The Best Diets for 2019

How’s your 2019 diet coming? January is nearly over, and hopefully, you’re already feeling healthier and more energetic. Perhaps you’ve even seen the numbers on the scale drop a bit.

 

But if not, maybe it’s time to try a new eating plan—one that not only helps you lose weight but also improves your overall health. We suggest you check out the 2019 U.S. News Best Diets Rankings. U.S. News calls on a panel of nationally recognized experts each year to rate a new selection of healthy and effective eating plans for categories such as “Best Weight-Loss Diets,” “Best Diabetes Diets,” and “Easiest Diets to Follow.”

 

We’ve summarized the top three 2019 U.S. News Best Diets Overall below to give you a few good ideas about how to boost your health this year.

 

#1 Mediterranean Diet

 

The Mediterranean Diet, of course, pulls inspiration from traditional Mediterranean food. People in this region typically eat very little sugar, red meat, and saturated fat and instead, maintain diets high in more nutritious foods like produce, and nuts. They also maintain active lifestyles, and as a result, tend to have long life-spans and suffer less from cancer and cardiovascular issues than Americans. This health plan may foster weight loss, heart and brain health, cancer prevention, and diabetes prevention and control.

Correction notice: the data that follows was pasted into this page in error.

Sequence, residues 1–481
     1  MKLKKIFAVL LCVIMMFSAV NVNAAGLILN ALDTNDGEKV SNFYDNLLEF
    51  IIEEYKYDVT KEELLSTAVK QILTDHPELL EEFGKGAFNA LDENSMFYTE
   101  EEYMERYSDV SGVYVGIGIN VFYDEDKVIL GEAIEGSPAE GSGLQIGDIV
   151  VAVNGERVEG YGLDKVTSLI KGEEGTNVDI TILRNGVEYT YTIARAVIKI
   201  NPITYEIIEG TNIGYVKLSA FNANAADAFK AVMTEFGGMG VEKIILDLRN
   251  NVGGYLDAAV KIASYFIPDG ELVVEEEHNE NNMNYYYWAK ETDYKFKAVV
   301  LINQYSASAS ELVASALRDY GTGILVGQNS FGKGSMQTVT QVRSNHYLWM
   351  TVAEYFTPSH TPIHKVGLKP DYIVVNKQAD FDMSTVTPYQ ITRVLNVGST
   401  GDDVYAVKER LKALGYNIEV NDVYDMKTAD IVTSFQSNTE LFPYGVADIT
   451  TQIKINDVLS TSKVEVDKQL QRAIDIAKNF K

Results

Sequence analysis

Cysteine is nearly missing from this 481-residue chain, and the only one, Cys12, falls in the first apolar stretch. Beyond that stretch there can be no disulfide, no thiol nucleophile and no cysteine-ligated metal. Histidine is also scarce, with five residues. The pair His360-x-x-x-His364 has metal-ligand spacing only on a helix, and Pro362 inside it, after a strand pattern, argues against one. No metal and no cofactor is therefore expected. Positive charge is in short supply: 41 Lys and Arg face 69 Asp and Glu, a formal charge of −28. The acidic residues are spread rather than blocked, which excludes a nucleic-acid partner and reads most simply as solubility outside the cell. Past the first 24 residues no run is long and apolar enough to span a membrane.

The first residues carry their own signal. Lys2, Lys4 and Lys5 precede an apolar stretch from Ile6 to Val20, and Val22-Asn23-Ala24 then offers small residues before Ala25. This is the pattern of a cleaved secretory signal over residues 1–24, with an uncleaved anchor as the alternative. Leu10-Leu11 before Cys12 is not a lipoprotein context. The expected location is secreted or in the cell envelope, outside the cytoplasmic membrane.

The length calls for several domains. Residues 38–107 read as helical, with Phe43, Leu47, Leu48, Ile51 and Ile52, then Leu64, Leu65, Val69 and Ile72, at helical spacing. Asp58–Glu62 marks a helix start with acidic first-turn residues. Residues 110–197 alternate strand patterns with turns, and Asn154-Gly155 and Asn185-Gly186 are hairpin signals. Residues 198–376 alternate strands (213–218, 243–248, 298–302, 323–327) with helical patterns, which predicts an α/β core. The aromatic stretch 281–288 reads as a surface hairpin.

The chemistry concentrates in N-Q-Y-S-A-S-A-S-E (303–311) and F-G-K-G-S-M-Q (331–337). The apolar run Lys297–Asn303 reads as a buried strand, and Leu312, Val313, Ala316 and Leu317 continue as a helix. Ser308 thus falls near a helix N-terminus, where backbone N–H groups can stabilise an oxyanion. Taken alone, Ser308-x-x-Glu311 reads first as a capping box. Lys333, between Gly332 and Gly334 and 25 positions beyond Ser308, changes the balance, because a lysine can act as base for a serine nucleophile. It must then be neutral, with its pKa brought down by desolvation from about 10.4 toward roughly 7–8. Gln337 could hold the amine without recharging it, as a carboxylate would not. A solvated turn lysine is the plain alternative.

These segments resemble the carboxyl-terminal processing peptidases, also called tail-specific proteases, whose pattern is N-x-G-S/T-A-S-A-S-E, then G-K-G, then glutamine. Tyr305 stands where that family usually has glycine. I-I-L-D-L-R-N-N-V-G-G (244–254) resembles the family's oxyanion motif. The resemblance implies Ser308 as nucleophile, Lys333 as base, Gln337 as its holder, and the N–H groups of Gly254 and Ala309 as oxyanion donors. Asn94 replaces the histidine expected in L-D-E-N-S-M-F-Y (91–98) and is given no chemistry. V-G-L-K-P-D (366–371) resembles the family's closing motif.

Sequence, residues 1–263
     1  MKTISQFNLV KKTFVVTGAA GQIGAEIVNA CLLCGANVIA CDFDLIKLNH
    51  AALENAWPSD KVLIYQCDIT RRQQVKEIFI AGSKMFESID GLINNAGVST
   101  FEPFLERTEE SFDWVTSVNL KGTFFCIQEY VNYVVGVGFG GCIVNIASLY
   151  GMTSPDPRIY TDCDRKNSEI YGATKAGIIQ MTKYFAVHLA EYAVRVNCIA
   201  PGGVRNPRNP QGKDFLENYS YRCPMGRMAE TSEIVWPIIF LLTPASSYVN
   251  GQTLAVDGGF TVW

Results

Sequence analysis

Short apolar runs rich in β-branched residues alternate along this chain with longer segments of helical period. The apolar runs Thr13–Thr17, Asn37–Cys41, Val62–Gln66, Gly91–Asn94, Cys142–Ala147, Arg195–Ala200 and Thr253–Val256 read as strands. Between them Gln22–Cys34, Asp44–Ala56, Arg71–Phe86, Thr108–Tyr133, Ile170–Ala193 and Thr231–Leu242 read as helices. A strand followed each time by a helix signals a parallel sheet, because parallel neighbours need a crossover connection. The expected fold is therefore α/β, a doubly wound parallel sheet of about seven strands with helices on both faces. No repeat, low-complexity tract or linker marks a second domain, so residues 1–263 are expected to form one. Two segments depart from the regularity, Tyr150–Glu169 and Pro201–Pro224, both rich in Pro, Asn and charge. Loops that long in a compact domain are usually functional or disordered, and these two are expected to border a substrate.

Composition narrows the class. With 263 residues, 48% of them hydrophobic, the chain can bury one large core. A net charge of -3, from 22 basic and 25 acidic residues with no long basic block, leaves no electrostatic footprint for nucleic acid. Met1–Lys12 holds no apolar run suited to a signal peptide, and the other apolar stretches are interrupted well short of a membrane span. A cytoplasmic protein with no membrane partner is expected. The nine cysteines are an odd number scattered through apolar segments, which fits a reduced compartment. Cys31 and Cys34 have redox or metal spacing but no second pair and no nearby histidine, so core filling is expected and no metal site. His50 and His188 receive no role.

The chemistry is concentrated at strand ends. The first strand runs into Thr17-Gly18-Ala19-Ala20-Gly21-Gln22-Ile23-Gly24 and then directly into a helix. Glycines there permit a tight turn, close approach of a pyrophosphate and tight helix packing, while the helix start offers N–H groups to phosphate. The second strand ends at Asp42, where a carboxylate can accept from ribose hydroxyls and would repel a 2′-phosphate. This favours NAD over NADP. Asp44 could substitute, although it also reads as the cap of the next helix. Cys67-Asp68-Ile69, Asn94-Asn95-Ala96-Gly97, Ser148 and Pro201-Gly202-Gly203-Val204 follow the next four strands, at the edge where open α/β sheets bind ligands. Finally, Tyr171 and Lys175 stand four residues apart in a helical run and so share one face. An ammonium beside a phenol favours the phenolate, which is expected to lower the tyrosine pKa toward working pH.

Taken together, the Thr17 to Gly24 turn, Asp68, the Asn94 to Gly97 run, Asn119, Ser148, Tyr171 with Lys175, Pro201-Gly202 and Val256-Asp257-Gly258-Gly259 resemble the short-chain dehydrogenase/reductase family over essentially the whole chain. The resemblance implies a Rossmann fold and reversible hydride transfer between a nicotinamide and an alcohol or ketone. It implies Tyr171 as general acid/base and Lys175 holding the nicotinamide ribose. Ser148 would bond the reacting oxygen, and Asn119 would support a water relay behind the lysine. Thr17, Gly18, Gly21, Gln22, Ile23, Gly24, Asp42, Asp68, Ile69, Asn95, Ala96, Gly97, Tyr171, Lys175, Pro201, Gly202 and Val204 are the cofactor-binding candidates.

#2 DASH Diet

 

DASH—Dietary Approaches to Stop Hypertension—is designed to lower blood pressure. Those who follow it consume a lot of stereotypically healthy foods, such as fruits, vegetables, lean meats, and low-fat dairy, and they avoid foods that are high in saturated fat, like fatty meats, full-fat dairy foods, and tropical oils. This plan also includes a strict sodium restriction—2,300 milligrams per day at first. That limit later gets lowered to 1,500 milligrams.

 

#3 Flexitarian Diet

 

Followers of the Flexitarian Diet are vegetarians—mostly. They normally fill their plates with vegetables and fruit, but they don’t feel too bad about adding a chicken breast every once in a while. The plan relies on five food groups—“new meat” (like beans, peas, and eggs), fruits and veggies, whole grains, dairy, and sugars and spice. It also suggests calorie counts for each meal and offers easy recipes. Plus, it’s FLEXIBLE—so you can improve your health without the stress of harsh dietary rules.